more deaths in Bangladeshi floods.
A. Yes, it is important to draw positive lessons from examples and not just focus on
the tragedy.

Q. The IPCC reports different extremes in different areas. Agencies need to look at
different types of hazards.
A. Agencies are getting there, for example looking at riverine flooding as opposed to
coastal flooding.

Water resources and climate change: managing uncertainty

Dr Declan Conway, School of Development Studies, University of East Anglia,
and Tyndall Centre

There is a ‘cascade of uncertainty’ from estimates of global greenhouse gas emissions

to estimates of concentrations, to estimates of global temperature change, to estimates
of regional change and finally to assessment of impacts. Changes in precipitation
differ between scenarios and seasons, as seen in Figure 3. However, it is clear that
temperature will increase in future, and therefore there will be an increase in
evapotranspiration, which will affect water resources.

Climate change will increase the uncertainty of the water supply. Investigating the
impacts can be done using scenarios and impacts models (which do not consider other
impacts on water resources, such as adaptation strategies) or by using analogues
(which involves intensive analysis and may not be representative of the future).

Figure 3. Seasonal changes in precipitation.

Water resources in Africa exhibit high natural variability, with prolonged changes in
flow regimes in West Africa and the Sahel, and extreme events and trends in the Nile
Basin. In the Niger, Sahel, a decrease in flow regime due to catchment changes is of
an equivalent magnitude to global circulation model predictions, so offers a good
example of the impacts of river flow decreases on society. Levels of Lake Victoria,
East Africa, have increased by 2m, offering an analogue for impacts of increased flow
and consequent impacts such as flooding. The Blue Nile, Ethiopoian Highlands, has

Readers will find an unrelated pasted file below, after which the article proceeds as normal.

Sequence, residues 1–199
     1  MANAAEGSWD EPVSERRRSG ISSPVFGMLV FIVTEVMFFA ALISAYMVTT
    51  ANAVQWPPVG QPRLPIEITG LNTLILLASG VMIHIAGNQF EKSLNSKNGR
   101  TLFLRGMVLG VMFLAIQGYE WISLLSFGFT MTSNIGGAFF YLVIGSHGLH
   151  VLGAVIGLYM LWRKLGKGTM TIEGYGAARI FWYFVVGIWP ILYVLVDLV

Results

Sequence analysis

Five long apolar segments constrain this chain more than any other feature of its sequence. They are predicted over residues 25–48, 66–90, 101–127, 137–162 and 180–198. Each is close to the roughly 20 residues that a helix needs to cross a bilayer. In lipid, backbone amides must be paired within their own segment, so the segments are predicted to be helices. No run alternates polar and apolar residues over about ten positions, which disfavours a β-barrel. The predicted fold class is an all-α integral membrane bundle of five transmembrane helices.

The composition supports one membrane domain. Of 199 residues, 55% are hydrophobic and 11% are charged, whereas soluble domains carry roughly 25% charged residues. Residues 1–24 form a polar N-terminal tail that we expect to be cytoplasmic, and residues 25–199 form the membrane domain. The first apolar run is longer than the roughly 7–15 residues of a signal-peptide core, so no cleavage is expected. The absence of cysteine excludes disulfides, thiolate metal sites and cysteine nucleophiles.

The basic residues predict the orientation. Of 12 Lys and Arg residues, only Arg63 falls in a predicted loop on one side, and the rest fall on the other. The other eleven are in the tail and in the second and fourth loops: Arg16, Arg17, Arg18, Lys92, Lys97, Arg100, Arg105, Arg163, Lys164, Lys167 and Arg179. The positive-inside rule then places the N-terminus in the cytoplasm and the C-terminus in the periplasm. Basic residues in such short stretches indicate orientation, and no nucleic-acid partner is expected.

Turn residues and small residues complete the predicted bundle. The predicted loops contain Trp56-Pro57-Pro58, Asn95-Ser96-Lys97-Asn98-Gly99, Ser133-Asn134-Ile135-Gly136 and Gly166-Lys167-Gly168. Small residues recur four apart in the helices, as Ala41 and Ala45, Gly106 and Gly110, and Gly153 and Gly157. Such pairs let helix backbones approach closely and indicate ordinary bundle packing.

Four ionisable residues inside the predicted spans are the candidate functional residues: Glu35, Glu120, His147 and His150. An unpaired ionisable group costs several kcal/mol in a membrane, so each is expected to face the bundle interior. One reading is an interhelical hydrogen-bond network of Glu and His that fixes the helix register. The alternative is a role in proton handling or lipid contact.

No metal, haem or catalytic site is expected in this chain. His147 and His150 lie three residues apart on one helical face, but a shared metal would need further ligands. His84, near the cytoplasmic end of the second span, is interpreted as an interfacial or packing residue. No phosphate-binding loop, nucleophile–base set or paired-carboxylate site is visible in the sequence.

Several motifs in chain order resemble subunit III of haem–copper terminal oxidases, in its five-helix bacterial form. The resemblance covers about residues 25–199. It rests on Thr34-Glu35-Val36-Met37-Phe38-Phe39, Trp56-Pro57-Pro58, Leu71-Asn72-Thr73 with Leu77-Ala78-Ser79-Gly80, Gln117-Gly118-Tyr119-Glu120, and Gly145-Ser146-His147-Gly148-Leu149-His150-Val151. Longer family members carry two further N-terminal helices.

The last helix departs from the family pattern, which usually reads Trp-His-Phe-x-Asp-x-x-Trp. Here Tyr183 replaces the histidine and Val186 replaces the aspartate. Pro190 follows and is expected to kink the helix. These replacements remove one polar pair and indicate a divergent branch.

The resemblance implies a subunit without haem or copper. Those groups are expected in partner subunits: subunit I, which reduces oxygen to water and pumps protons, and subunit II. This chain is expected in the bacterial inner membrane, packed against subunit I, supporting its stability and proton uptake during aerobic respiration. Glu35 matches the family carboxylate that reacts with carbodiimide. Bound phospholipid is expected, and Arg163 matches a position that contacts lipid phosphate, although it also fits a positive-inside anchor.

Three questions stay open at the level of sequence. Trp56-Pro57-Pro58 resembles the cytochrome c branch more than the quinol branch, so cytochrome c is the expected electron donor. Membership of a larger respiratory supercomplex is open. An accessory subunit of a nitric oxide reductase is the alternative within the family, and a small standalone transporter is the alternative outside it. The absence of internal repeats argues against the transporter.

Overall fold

experienced a decline in rainfall, leading to lower river flows and offering an
analogue of future decreases.

Climate change uncertainty is incorporated into the current water management

systems. However, some systems are already stressed and may not cope.

Q. Have there been impacts due to privatisation?

A. Consideration is now on the demand side more than supply. Private companies
may be reluctant to increase supply.

Q. Huge numbers of people are at risk of having no water, so uncertainty is an issue.

A. Many millions of people already have no access to fresh water. The impact of
climate change is to increase the reliance on irrigation as temperatures rise, but this is
a small effect relative to millions of people going without water.

Water resources and food security: can poor people adapt to climate
Dr Michael Mortimore, Overseas Development Institute

According to the IPCC, Africa is the continent most vulnerable to climate change, on
account of poverty. However, the Sahel population has adapted to past change in
climate that have been greater than those estimated in future scenarios. The Sahel has
experienced serious drought for many years (Figure 4). However, cereal production
has been kept above the required production level of 200 kilograms per head (Figure
5). While the area planted has increased, this does not account for the stability of

cereal production. Yields have increased slightly overall and increased substantially
against rainfall. Population density has increased, with the population living mainly
off the land. In other words, despite decreasing rainfall and increasing population
density, cereal production has been counter-intuitively stable in the longer term.

Figure 4. Rainfall variability in Maradi, 1932-1998
























SPI (unitary)

Figure 5. Cereal production (kg per capita), 1964-1998









Millet Sorghum Cowpeas Groundnuts Tigernuts

Adaptation is autonomous at the household level, due to a diversification of capital

(including natural resources, physical, financial and social resources), decisions on
allocation of resources, flexible management and revision of resource allocation each
year dependent on outcomes.

Adaptation to climate change is part of a network of important livelihood, market,

production and policy variables. Climate change adaptation cannot be isolated from
sustainable development objectives.
Adaptation is a way of life in the Sahel and this capacity should be recognised,
particularly by the scientific community. Policies for development should offer

incentives for adaptation, and practitioners in development should resource adaptive
capacity. Mitigation can also be accommodated: moving from ‘deforestation’ to ‘on-
farm forestry’ could sequestrate and store much carbon. African smallholders should
be seen as partners, not victims.

Q. What are the mechanisms behind adaptive learning?

A. This varies across countries. In Nigeria, World Bank funding did not have a high
impact, so there was a return to old ways. New seed varieties are used, the society is
very innovative. In Senegal, there was Government dependency in the 1970s; now the
system is changing but there is a long way to go.

Q. Is there any role in adaptation played by Government?

A. Overall, the adaptive capacity is there. In general, the Government has acted as